New development rights to convert offices into homes
New permitted development rights to allow offices to be converted into homes without the need for planning permission have been introduced.
The move is designed to provide much needed new homes, regenerate town centres and provide a boost for the construction industry.
The permitted development right will be in place for three years. Local authorities will be able to seek an exemption if they can demonstrate there would be substantial adverse economic consequences. However, it’s expected that exemptions would only be granted in exceptional circumstances.
Under the changes, it will also be possible to convert some town centre buildings into new shops, and premises for start-up businesses and community projects for a period of up to two years.
The town centre uses that can convert temporarily for 2 years to other uses include shops (A1), financial and professional services (A2), restaurants and cafes (A3) and offices (B1).
The reforms will also allow agricultural buildings to be converted without planning permission to make them suitable for business premises including shops, offices, restaurants and hotels. However, these new permitted development rights do not extend to residential use.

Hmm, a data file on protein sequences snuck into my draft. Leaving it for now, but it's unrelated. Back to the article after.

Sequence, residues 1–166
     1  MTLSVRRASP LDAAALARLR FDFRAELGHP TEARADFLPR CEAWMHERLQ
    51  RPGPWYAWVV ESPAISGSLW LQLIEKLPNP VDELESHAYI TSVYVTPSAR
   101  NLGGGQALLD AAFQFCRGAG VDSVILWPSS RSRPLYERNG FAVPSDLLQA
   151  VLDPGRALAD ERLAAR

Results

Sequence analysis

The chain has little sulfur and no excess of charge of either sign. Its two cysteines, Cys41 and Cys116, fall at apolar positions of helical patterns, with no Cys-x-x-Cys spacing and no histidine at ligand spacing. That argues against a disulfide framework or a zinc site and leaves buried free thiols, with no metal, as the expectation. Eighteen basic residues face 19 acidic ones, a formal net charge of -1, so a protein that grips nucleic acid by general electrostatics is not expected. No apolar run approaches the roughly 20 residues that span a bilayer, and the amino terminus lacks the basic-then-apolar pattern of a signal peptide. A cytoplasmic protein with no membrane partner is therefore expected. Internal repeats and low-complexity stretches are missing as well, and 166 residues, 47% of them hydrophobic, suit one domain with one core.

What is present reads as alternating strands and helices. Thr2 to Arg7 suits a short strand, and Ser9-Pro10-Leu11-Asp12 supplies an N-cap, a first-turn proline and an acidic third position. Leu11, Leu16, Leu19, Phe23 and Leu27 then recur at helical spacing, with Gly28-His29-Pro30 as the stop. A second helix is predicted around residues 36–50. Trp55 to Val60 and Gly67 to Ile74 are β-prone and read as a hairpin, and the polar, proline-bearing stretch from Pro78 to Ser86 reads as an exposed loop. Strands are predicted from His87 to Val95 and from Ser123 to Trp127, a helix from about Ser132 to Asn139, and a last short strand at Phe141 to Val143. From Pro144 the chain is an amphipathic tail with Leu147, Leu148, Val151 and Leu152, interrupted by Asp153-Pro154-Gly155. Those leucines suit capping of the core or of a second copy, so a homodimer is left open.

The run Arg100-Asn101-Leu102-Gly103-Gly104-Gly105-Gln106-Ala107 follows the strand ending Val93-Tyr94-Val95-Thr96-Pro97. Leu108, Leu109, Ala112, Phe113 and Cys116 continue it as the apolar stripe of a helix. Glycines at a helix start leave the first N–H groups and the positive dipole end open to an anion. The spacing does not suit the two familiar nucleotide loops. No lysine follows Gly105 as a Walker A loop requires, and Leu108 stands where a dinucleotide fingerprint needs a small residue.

Communities Secretary Eric Pickles said: “We want to promote the use of brownfield land to assist regeneration, and get empty and under-used buildings back into productive use.
“Using previously developed land and buildings will help us promote economic growth, provide more homes and still ensure that we safeguard environmentally protected land.”
Please contact Kevin Walsh if you would like more information about planning and development issues.